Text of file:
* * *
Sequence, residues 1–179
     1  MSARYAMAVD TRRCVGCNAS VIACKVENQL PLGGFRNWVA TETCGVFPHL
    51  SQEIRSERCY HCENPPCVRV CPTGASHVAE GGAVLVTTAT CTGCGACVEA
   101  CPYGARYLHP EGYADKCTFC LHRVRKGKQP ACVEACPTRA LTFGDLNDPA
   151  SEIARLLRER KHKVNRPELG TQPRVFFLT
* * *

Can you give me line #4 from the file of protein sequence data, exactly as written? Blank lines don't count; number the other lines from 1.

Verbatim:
   101  CPYGARYLHP EGYADKCTFC LHRVRKGKQP ACVEACPTRA LTFGDLNDPA